Camilla Brown

Scheduled to teach:

Camilla Brown (https://www.camillaebrown.co.uk/) is a curator, writer and educator on contemporary art, specialising in photography based in Derbyshire. For ten years she was Senior curator at The Photographers’ Gallery, London previously she was Exhibitions Curator at Tate Liverpool. She works at two UK universities teaching on MA courses. Her writing on contemporary photography is regularly published in books and magazines. She was a contributing author to Photography The whole Story (Thames and Hudson 2012) and contributed a chapter to Photographers and research – the role of research in contemporary photographic practice (Focal Press 2017). She has written extensively on artists for books and reviews for magazines. She is Associate Curator at Grain Photography Hub and on the steering group for the Format Photography Festival.
She is currently developing research growing from artists commissions working in rural areas in the West midlands for a forthcoming conference and book with GRAIN scheduled for May 2021.

Camilla Brown Portfolio

All installation shots were taken at The Photographers Gallery.

Camilla Brown

LACP Founder and Executive Director Julia Dean asks Camilla Brown ten questions about her background, career in and beliefs about photography

Julia Dean: What kind of photographer are you?

Camilla Brown I am a curator and writer so I facilitate artists to make great work.

JD: How long have you been shooting?

CBI have been working in photography for about 25 years

JD: Where did you get your training?

CBI studied at The Courtauld Institute of Art in London specialising in Modern art history.

JD: When did you know you wanted to devote your life to photography?

CBWhen I saw Richard Billingham’s work Rays a laugh on a gallery wall – it was the moment I saw the political power that photography could have to use its vernacular connection to speak of poverty and deprivation in a meaningful way.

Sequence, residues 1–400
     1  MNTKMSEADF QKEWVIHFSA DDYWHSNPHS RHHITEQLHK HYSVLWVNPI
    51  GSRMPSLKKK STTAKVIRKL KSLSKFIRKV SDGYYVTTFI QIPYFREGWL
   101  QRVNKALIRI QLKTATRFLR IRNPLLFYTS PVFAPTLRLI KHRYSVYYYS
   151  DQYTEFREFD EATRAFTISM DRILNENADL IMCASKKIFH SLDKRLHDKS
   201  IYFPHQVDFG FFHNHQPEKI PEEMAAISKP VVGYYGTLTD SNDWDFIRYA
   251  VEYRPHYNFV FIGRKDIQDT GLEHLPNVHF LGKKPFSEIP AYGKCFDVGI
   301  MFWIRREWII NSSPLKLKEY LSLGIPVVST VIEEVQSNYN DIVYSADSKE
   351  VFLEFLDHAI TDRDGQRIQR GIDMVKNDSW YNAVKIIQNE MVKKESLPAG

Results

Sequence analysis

JD: Did you ever come close to giving up?

CBI think if you love photography you will never give up – as it is something you have to do. It is all about bouncing back – I was told too many times to not consider a career as a curator and here I am 30 years on still thriving and loving it.

JD: Have you sacrificed anything by being a photographer?

CBAs a professional I have not earnt as much as in other sectors but I would swap that any day for the joy of what I do and the passion of the people I work with.

JD: What have you gained by being a photographer?

CBI think photographers learn to look and observe the world – they freeze time for us all.

JD: What classes do you teach at LACP?

CBI will be running a workshop on writing about your work – finding your artistic voice in words is one step towards defining your vision as an artist and communicating it to others. I help and support with the writing bit as many photographers are more visual people and some can struggle with words.

JD: What do you love most about teaching?

CBI love getting the best out of other people and enthusing them. The main way is to give people confidence in themselves – so many of us question ourselves too much.

JD: What advice would you give someone who is thinking about making a career in photography?

CBAbsolutely do it – but do it with your eyes open. Your career path may take you somewhere you don’t expect but keep checking if you are where you want to be going and use and build your support network. People in photography are great and passionate about what they do – it is tough but you will get there.